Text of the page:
Most of FRONTLINE's documentaries are piercing investigative journalism dealing with political, social, economic, and cultural issues. But frequently, FRONTLINE showcases probing, personal documentaries. These docs still deal with the same issues, but do so through intimate, full portraits of there very human subjects. A great example of this type of doc is COUNTRY BOYS which FRONTLINE aired in 2006. The doc displayed the complex struggles and joys of living in Appalachia through the lives of two young boys. It is an exceptional film and I highly recommend checking out the website and the film itself (which can be viewed online).

SO MUCH SO FAST is a doc in the same vein. The film follows a young man, Stephen Heywood, and his family, as they discover Stephen has ALS (aka Lou Gehrig's disease), take care of him, and even try to find a cure. It is a tour-de-force filled with profound insights into how a young man deals with a horrendous disease, and how a family deals with such a tragedy. Not lying down.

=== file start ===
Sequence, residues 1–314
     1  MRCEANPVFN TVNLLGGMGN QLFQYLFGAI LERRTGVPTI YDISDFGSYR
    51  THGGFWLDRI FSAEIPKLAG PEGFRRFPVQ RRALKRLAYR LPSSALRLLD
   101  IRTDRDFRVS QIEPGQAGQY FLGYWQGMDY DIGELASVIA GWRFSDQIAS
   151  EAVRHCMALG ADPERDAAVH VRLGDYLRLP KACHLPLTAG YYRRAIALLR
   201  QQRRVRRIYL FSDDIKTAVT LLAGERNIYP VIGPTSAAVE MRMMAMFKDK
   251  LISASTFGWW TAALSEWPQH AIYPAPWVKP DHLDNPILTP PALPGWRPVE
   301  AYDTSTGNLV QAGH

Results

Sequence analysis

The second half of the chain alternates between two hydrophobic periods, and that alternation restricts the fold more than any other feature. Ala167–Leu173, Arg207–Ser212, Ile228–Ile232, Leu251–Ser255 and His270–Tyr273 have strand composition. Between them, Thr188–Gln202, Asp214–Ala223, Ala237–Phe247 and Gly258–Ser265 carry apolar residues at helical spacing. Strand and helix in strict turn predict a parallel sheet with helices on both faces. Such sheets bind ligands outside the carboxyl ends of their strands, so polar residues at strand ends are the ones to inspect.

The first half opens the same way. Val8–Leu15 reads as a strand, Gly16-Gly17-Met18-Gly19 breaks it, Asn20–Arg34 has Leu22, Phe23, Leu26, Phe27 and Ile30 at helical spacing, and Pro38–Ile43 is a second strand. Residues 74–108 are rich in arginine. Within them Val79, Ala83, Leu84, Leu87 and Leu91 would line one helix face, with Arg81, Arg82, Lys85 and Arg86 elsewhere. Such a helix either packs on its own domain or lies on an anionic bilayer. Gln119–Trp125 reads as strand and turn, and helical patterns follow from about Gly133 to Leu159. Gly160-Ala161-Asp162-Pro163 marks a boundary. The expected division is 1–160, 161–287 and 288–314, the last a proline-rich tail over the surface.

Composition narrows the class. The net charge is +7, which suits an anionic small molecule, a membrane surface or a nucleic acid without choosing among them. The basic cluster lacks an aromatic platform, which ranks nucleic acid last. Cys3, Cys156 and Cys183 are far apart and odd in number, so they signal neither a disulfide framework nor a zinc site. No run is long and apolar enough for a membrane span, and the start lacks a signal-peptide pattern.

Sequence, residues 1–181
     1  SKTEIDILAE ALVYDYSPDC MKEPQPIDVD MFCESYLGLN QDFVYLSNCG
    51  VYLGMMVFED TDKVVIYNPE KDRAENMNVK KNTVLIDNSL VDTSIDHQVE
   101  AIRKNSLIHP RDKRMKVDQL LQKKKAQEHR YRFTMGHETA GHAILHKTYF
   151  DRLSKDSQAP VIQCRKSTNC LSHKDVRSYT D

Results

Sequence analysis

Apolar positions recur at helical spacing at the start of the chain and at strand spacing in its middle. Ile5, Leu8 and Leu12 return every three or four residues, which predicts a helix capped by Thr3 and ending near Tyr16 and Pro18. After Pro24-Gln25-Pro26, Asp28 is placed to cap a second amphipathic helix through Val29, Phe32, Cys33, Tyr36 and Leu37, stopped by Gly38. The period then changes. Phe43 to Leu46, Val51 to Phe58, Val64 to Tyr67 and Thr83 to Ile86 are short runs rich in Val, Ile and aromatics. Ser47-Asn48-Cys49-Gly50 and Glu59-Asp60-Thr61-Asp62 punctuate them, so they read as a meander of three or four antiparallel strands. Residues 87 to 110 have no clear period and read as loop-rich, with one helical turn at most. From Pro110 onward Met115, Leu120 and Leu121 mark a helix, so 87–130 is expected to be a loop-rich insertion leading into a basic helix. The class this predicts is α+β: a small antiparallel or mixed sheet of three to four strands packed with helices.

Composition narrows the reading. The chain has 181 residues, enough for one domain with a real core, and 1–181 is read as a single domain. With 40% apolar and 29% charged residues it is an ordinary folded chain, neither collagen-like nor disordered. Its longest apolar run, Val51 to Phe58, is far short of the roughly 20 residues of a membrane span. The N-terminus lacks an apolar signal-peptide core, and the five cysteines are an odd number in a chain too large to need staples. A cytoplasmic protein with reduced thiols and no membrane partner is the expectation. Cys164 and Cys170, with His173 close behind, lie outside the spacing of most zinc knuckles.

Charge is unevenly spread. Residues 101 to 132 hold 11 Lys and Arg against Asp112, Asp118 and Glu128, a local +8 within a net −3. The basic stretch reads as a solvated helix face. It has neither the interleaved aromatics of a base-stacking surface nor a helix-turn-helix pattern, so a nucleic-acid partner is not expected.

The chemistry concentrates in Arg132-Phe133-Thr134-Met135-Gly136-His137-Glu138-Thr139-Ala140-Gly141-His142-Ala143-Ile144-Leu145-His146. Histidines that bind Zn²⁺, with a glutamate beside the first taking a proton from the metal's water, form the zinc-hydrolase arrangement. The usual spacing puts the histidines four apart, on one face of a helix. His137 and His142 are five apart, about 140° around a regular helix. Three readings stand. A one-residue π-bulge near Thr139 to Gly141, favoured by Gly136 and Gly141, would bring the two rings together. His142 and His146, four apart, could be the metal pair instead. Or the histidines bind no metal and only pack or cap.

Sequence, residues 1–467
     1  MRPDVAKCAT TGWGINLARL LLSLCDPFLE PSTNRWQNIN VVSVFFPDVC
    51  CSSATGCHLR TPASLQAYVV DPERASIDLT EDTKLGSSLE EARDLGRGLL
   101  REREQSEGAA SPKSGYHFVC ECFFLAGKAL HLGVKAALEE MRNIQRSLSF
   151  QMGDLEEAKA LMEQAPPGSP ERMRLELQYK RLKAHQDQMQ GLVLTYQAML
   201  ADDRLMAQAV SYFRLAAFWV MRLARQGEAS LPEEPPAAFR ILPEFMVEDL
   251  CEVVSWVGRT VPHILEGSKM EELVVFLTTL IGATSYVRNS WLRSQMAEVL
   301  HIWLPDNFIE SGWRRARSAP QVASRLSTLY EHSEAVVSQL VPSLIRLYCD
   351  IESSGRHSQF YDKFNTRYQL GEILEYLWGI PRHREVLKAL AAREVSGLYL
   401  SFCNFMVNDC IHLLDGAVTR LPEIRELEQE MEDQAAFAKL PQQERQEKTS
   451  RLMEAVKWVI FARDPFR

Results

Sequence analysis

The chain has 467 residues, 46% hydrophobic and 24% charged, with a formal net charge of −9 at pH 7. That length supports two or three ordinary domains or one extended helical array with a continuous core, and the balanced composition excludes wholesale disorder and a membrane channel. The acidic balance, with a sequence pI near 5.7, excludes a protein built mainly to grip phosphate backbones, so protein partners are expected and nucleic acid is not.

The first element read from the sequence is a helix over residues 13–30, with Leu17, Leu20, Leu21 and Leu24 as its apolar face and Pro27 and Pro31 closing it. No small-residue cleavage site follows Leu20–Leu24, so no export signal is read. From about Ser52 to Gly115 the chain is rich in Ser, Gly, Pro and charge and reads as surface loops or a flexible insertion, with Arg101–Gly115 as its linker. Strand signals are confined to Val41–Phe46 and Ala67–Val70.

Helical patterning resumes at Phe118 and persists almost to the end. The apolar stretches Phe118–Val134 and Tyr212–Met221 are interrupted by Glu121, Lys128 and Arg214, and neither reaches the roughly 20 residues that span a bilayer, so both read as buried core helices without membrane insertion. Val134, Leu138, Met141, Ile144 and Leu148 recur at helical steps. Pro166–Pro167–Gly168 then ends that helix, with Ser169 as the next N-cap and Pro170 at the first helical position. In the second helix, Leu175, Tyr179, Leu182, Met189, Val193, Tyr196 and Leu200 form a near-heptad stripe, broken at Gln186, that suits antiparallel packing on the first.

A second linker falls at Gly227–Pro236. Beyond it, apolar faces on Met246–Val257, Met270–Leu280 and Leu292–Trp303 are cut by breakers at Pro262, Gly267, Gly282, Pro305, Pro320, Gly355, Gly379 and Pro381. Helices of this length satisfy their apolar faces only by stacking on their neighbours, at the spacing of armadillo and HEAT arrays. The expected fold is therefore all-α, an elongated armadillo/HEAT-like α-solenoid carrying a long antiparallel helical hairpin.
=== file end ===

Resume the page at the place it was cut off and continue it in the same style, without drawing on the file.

If you're at all curious about SO MUCH SO FAST I highly recommend checking out the website. Unfortuantely, you cannot view the documentary online. But FRONTLINE does rotate which docs are available for online viewing. So I'd suggest bookmarking the website and regularly checking it; I'm not certain, but my guess is that the doc will be available online in the coming months (either that or it will be released on DVD and available for rent and purchase). And in the meantime there are clips. Plus the website has a wealth of information.

All I can say is that it is a tremendous film and something you're probably not expecting. A truly remarkable documentary.

Saturday, June 23, 2007

I can sees Lolcats